When my brother and I were teenagers on summer break, a little to old for babysitters and a little too young to be left to our own devices or to create new vices, dad would sometimes drop us off at the golf course on his way to work and pick us up on the way home.
I suppose it kept us out of trouble most days. We spent lots of time on the golf course. It's a good thing we liked it.
I learned a few things on the golf course like how projecting into the future can be a bad thing sometimes. Most great golfers will say they visualize their shots before they even step up to the ball. They pull from their experience to project into the future.
The problem is that I had a lot of experience hitting bad shots. So I'd visualize everything that could go wrong and didn't pay enough attention to what could go right.
Negative forecasting is a bad habit to get into.
My projections really worked against me. I'd get all flustered and nervous and nothing would seem to work. I'd become my own worst enemy.
If you spend too much time thinking your ball is careening off a pine tree into no-mans land it will happen. I've been told that trees are 90% air but somehow my golf ball never got that memo.
I learned to take my mind off the bad stuff by focusing on keeping my head down, keeping my eye on the ball, and following through. That's it. It's what they call "swing thoughts". Yup, it's a real thing.
Swing thoughts, for me, exist to block out the negative so I can concentrate fully on what's happening now. I think they might call it mindfulness today.
It's the same thing when I sit down at the easel. It always goes better when I concentrate on what I'm doing right now rather than worrying about the results. I think about applying each brush stroke, paying attention to the brush as it hits the canvas, and focusing on what happens as the colors come together.
If I stick with doing one thing at a time, most of the time I get a pretty good result and the experience is much better too.
I just show up and paint.
BTW- I did show up and I did do some painting this week.
I have included a little video of my brush hitting the canvas. I hope you enjoy.
Until next week - I'll keep painting and ... you ... well ...
I wish you peace.
The last couple of weeks have been busy. Very busy. I was running around like a chihuahua chasing its tail. To paraphrase the Duke of Edinburgh, I've ..."been running around like a blue-arsed-fly."
I say that right up front because I feel a bit guilty for not publishing a blog or the newsletter last week. I've always known consistency is important but it home last week.
That is the concept. You show up consistently without fail. Well, last week I failed.
Because I was so busy with everything I let the newsletter slide. I let it get away from me. I gave myself permission to give this one a pass. I thought nobody will notice. I thought nobody will really care.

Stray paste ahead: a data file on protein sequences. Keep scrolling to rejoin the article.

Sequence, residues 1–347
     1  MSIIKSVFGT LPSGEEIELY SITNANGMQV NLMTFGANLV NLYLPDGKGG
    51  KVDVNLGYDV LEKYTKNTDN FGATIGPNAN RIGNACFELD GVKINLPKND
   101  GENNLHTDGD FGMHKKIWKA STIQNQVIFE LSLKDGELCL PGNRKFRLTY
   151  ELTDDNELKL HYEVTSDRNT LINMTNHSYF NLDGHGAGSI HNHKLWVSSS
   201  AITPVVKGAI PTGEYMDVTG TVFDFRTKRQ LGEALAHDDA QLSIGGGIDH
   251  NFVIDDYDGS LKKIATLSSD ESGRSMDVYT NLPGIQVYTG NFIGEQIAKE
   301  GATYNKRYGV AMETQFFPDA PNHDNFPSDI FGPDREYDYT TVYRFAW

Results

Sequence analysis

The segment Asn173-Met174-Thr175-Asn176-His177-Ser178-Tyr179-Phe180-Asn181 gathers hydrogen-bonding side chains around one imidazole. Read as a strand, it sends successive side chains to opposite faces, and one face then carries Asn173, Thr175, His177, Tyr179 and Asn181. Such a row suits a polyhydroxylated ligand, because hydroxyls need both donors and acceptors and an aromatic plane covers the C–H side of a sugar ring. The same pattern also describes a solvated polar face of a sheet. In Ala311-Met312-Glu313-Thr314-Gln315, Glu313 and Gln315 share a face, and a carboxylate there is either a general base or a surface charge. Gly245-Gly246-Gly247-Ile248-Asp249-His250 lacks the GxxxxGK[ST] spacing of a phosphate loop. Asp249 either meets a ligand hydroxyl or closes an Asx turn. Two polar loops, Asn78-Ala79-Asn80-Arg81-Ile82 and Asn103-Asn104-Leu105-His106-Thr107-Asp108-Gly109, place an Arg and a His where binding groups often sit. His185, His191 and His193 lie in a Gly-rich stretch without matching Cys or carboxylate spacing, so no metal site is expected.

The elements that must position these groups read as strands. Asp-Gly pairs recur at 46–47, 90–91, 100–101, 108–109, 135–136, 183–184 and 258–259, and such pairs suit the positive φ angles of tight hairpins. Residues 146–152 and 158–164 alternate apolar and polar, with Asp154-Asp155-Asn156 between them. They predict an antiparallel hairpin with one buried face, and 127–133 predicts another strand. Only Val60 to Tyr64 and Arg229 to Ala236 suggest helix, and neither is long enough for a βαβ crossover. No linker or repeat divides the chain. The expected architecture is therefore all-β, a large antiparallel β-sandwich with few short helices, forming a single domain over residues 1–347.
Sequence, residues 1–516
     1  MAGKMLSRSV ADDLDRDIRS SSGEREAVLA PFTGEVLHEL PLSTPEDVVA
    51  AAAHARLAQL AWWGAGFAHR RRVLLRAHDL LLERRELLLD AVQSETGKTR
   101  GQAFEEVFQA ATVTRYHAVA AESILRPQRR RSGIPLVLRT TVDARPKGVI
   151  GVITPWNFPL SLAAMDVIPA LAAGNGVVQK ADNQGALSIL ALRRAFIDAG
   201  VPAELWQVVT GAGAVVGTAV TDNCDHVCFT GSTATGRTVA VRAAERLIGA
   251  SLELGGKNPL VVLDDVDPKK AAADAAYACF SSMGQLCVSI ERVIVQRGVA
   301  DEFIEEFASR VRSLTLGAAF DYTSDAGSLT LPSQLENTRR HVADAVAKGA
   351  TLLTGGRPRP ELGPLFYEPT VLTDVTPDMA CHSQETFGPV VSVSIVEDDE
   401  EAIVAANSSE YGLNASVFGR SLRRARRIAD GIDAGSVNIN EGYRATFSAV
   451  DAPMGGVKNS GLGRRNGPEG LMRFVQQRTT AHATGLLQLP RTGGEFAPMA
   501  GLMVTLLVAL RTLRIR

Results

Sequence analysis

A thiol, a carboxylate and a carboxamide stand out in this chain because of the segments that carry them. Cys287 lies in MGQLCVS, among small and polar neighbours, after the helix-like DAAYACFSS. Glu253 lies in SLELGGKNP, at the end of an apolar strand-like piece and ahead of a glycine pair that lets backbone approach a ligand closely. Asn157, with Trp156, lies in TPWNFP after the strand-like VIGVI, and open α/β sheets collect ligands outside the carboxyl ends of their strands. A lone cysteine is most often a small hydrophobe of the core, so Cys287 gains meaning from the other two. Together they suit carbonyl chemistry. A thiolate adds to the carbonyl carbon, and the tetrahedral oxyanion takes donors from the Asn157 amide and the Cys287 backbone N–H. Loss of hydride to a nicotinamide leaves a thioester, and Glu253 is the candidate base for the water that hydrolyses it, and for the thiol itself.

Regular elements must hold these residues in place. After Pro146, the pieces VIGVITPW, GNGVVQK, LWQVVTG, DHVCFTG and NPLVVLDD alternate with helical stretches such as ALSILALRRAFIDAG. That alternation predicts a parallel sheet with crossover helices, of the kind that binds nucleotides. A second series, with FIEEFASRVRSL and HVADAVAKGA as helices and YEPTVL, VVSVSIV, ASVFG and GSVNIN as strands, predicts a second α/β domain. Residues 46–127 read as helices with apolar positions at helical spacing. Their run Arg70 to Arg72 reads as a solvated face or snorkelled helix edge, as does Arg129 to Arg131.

I was wrong. I got a stream of emails asking if I was okay and asking where I went. One emailer even demanded, "where’s my little artsy newsletter!?" - you know who you are!
Conclusion - If you say you're going to publish every week, by gum you should publish every week.
Big publishers don't miss an edition. Professional publishers don't give themselves a pass. I couldn't imagine National Geographic, Scientific American, or the New Yorker would miss an edition.
Though I'm not a big publisher, I do consider myself a professional.
The three keys to professional success, as I learned them from a salty ole Gunny, are:
1. Show up on time
2. Be in the right uniform
3. Do the job.
Passion is great but you need consistency to get things done.
Show up on time and do the work. The uniform is optional for me today.
I'm moving on. Fall down, get up, move forward.
Oh yeah - My drawing this week is a cardinal, it's the state bird of Ohio. I've been thinking of seeing my friends next month in Ohio. I hope I see a cardinal there and I hope I see you there too. If you live in Ohio that is.
Until next week, I wish you peace.
It's a gamble when you start a drawing. What you want to be a masterpiece could end up in the bin. The result could lead to endless sobbing in your pillow - or - it could actually turn out okay. It's a risk. There was no sobbing or gnashing of teeth involved in the making of this drawing.
As in all things, there are ways you can keep from whimpering like a child who's lost his toy.
Practice the basics. It might sound trite but I really believe it's true.
This is why.
Long ago and far away, when I was growing up, my family was very sporty. I'm pretty sure my parents used sports as a pseudo babysitter.
Our days were filled with ice hockey, football, baseball, golf, basketball, and I even had a stint as a boxer. I was okay at most sports. Not great but okay. I have to admit that as a boxer I got pummeled more times than I care to remember. Come to think of it, that might explain a few things.
We played lots of sports but our drug of choice was ice hockey. I could have called it hockey but hockey, to some people, means a game played with an upside down shillelagh on a soft grass pitch.
I'm talking about ice hockey. The hockey that has pucks, blades, sticks and missing teeth. It's a hostile game of speed, skill, and brute force. It's gang warfare splayed out on a sheet of ice.
Originally from Quebec, our family has huge gnarly chunks of St. Lawrence River ice cutting through our veins. I'm sure you'll find it in our DNA somewhere.
I can still smell the locker room, feel the ruts in the ice, and see the steam rising off my uniform. I loved the game but I never really liked that nudge at five in the morning, and yes we played at 5 in the morning.
In every sport, a player knows they have to practice the basics endlessly to get good. Here are just a few:
If you want to get better at art, practicing the basics is essential too. You have to study:
This week, I'm getting back to basics - just because.
In this drawing, I was practicing the fundamental elements of drawing: composition, shape, form, and contrast. The basics of producing an interesting image.
If one thing is off, the whole thing can look horrible. Unless, of course, you're Salvador Dali or Pablo Picasso.
This bird made it in my sketchbook this week.
I hope you enjoy it.
Until next week, I wish you peace.